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Zero Percent Financing Disappearing, But Not U.S. Consumers

May 6, 2002

The end to zero percent financing at the nation's two largest carmakers will do little to dampen consumers' willingness to buy cars or the pace of car sales going forward, economists say, according to the Wall Street Journal.

That's good news for the economy, because auto sales make up a prominent part of consumer

spending, which continues to be a key pillar of support at a time when the U.S. economy is still challenged by weak business spending

patterns.

Many economists said they don't expect carmakers' change in strategy to undermine consumer spending, partly because the carmakers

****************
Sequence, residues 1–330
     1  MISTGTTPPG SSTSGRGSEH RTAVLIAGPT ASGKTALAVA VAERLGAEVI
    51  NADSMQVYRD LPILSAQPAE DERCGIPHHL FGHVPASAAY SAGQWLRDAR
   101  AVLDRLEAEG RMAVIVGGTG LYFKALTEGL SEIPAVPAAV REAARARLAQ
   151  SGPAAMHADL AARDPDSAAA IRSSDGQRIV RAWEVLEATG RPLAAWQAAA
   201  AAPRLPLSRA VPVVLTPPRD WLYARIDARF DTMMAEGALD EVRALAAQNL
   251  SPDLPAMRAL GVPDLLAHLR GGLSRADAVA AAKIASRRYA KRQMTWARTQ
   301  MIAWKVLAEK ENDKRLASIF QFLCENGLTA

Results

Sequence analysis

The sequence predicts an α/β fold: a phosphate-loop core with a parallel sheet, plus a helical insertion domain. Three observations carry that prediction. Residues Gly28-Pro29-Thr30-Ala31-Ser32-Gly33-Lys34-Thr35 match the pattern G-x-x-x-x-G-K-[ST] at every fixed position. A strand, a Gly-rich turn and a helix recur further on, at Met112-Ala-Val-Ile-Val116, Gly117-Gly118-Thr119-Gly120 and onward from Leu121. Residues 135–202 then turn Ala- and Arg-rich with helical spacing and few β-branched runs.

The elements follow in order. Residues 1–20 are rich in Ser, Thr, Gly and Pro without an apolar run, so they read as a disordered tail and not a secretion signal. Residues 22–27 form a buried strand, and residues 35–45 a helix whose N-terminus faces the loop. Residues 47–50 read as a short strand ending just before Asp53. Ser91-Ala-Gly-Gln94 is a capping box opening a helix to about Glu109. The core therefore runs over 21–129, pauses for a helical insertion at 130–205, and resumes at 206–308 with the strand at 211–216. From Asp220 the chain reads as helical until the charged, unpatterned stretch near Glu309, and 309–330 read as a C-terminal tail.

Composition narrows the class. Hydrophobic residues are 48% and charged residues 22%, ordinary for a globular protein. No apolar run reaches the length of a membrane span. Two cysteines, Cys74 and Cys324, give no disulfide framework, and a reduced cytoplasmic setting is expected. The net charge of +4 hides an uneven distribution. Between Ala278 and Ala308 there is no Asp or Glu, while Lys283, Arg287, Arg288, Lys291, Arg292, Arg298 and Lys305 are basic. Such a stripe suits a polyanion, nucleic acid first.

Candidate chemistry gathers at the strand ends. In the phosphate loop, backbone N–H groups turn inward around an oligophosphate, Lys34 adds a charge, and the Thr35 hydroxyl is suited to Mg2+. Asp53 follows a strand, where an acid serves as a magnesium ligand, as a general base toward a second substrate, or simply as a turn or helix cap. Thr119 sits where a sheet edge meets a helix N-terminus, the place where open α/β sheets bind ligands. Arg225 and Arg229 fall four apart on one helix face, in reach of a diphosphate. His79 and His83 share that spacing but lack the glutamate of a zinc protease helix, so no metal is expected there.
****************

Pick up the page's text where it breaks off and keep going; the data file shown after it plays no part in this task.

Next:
are replacing zero percent financing deals with other deal sweeteners such as rebates, and partly because underlying consumer demand remains robust.

Indeed, some even viewed the shift as a sign of strengthening consumer confidence, in the sense that car makers don't fear an end to the financing programs turning customers away, according to the Journal.

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